Hazardous Substances Leak into Ground Water
   County Attempts
   To Curtail Pollution
     Ground water contamination
   first became apparent in 1971
   when a local resident reported
   that his well water had gone bad.
   In response, the State of Delaware
   and New Castle County began
   sampling the ground water in

        Contamination from
     two neighboring landfills
         was seeping into
           local aquifers

   1972. The County's studies sought
   to identify and define the extent
   of the contamination.
     Investigations revealed that
   leakage originating from the two
   neighboring landfills was seeping
   underground and contaminating
                             local aquifers, potentially affect-
                             ing 5,000 residents. In response,
                             the County installed a series of
                             ground water recovery wells in
                             1973. This prevented the contami-
                             nants from reaching public sup-
                             ply wells belonging to the Arte-
                             sian Water Company.
                               The recovery wells created an
                             underground water divide be-
                             tween the landfills and the Arte-
                             sian well fields. Contaminated
                             ground water was pumped and
                             brought to the surface for dis-
                             charge into Army Creek and
                             Army Creek Pond.

                             Army Creek
                             Becomes  Superfund Site
                               The Superfund program was
                             created by Congress in 1980. This
                             program gave EPA the authority
                             to allocate federal funds to clean
                                      Army Creek Landfill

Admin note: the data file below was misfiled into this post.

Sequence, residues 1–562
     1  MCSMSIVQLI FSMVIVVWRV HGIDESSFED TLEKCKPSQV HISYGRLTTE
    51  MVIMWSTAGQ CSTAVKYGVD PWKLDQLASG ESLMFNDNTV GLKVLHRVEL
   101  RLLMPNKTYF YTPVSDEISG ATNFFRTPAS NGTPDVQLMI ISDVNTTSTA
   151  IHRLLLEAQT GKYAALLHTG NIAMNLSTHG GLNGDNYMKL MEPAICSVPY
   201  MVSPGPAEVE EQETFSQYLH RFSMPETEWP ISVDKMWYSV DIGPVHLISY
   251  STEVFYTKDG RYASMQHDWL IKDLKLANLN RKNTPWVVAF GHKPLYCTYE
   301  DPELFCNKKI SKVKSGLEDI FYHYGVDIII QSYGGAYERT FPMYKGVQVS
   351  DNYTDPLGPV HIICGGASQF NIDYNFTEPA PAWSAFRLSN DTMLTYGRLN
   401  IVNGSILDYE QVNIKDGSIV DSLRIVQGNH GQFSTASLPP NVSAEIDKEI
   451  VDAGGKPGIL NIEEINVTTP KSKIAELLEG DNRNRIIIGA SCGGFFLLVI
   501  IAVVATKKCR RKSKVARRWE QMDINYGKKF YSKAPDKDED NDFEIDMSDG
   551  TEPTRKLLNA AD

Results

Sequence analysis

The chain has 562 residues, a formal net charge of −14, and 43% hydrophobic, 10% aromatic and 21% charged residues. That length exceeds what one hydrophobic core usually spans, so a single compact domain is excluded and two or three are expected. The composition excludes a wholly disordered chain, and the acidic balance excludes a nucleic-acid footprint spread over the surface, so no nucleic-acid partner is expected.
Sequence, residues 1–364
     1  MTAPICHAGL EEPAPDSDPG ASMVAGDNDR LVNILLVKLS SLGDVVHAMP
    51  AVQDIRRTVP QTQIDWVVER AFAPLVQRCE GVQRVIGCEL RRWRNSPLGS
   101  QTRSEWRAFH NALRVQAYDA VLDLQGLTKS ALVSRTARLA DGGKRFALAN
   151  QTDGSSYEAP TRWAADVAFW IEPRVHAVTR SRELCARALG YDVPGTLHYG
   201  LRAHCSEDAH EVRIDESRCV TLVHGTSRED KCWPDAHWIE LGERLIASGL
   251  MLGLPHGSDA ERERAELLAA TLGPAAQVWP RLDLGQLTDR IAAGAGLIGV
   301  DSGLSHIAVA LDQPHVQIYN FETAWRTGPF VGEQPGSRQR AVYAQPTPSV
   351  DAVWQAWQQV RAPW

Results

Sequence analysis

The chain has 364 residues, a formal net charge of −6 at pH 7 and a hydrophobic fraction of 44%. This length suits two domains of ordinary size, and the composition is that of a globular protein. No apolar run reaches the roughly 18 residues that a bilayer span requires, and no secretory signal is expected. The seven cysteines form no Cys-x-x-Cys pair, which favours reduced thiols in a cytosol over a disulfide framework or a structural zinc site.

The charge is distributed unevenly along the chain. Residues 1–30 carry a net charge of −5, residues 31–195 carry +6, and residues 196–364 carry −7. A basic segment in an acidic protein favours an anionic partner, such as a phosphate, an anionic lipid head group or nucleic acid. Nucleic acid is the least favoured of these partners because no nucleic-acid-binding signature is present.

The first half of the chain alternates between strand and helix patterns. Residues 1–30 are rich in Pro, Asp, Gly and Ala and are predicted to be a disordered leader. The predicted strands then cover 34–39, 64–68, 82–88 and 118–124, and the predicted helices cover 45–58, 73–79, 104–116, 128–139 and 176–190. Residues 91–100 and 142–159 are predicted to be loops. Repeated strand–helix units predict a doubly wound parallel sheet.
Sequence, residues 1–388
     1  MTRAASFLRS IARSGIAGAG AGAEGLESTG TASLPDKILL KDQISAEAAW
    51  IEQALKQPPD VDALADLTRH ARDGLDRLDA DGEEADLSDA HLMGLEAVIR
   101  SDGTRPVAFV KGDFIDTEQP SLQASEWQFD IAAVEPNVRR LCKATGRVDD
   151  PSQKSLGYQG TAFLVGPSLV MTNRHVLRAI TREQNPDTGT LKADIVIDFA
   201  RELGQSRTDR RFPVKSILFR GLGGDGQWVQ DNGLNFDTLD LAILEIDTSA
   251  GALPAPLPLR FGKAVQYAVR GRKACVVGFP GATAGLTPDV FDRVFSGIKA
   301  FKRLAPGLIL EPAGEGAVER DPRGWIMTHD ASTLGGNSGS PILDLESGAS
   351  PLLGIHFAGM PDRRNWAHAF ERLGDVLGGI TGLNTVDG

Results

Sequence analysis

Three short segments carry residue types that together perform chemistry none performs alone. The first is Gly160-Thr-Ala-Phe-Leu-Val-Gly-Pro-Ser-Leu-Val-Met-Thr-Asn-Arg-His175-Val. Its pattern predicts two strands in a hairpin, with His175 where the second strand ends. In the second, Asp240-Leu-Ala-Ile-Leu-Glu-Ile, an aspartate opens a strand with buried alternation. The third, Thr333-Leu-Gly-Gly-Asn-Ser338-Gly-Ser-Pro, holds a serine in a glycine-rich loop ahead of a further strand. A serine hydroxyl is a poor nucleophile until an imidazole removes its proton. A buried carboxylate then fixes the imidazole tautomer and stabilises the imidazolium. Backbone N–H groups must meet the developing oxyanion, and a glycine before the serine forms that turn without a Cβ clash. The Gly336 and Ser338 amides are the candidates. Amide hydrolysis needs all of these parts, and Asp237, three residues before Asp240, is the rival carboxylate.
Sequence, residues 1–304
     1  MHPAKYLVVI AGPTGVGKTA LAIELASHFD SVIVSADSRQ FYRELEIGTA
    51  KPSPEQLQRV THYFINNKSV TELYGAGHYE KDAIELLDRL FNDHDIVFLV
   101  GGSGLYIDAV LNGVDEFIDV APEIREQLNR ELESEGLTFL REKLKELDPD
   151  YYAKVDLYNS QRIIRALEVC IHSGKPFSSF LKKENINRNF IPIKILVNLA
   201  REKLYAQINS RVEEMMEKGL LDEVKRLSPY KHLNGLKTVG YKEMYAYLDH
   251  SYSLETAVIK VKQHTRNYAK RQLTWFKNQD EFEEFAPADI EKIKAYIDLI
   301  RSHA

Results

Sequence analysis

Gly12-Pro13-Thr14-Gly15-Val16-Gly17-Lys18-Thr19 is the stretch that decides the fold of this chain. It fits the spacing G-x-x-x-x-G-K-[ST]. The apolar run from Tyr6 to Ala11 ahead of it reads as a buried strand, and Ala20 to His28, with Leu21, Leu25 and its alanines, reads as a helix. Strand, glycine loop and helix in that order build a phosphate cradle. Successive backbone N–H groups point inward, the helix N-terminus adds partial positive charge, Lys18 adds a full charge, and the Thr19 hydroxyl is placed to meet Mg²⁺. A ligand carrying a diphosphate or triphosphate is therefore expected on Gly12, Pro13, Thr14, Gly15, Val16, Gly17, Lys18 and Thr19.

New Castle, Delaware
                                           up hazardous
                                           waste sites across
                                           the nation. In 1983,
                                           the Army Creek
                                           Landfill site was
                                           included on the
                                           first National
                              Priorities List (NPL), EPA's roster
                              of sites eligible for cleanup.
                                At this time, EPA reviewed the
                              County's studies, and determined
                              their investigations were complete
                              enough to serve as the first step in
                              a Superfund cleanup: an official
                              evaluation of the nature and
                              extent of contamination at a site.
                                New Castle County agreed to
                              go one step further by performing
 \  Site listed on NPL
 /  EPArevi
EPA reviews county studies

               County submits cleanup alternatives, proposes corrective measures
                          Protective cap design completed
                          EPA studies Army Creek and Army Creek Pond
                          EPA selects surface water cleanup approach
                          Settling parties agree to conduct cleanup

                                /  Construction of cap and water treatment plant begins

                                              Construction complete (planned)
                                                                Five-year evaluation of
                                                                selected cleanup activities
         1986  1989  1990
                                                Page 3

                    Superfund At Work
     Army Creek Landfill, New Castle, DE
  Summer 1993
an analysis of potential cleanup
alternatives, including corrective
measures for the site. Their analysis
was completed in September 1986.
  That summer, EPA identified
over 20 corporate entities as

 Twenty corporate entities
      were identified as
   potentially responsible

potentially responsible parties
and requested that they partici-
pate in carrying out the remedy
selected for the site. The identified
parties failed to reach an accept-
able agreement: therefore, EPA
continued with the cleanup.

EPA Chooses Remedy
to Protect Ground Water
  In 1986, on the basis of the
county's analysis, EPA chose a
remedy to control the source of
ground water contamination.
Phase one of the cleanup involved
installing a protective cap to cover
the landfill to prevent rainfall
from infiltrating the hazardous
waste. The cap would minimize
any further migration of the
ground water contaminants.
  The recovery well network
installed by the county to capture
contaminated ground water
would continue operations. In
addition, the recovery wells also
would be used to monitor the
effectiveness of the cap over a
five-year period.
A worker smooths newly delivered soil for the protective cap, part of phase one of